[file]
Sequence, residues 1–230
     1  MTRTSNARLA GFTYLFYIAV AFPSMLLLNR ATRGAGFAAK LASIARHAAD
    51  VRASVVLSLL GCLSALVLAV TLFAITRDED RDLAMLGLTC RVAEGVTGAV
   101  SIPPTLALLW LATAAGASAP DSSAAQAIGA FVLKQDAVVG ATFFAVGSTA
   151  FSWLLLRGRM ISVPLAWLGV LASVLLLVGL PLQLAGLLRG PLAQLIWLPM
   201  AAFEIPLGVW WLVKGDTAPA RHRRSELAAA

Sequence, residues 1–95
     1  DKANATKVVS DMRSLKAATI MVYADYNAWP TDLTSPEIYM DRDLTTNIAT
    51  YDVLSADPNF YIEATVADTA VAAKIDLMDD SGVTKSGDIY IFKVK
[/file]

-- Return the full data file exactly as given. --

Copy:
Sequence, residues 1–230
     1  MTRTSNARLA GFTYLFYIAV AFPSMLLLNR ATRGAGFAAK LASIARHAAD
    51  VRASVVLSLL GCLSALVLAV TLFAITRDED RDLAMLGLTC RVAEGVTGAV
   101  SIPPTLALLW LATAAGASAP DSSAAQAIGA FVLKQDAVVG ATFFAVGSTA
   151  FSWLLLRGRM ISVPLAWLGV LASVLLLVGL PLQLAGLLRG PLAQLIWLPM
   201  AAFEIPLGVW WLVKGDTAPA RHRRSELAAA

Sequence, residues 1–95
     1  DKANATKVVS DMRSLKAATI MVYADYNAWP TDLTSPEIYM DRDLTTNIAT
    51  YDVLSADPNF YIEATVADTA VAAKIDLMDD SGVTKSGDIY IFKVK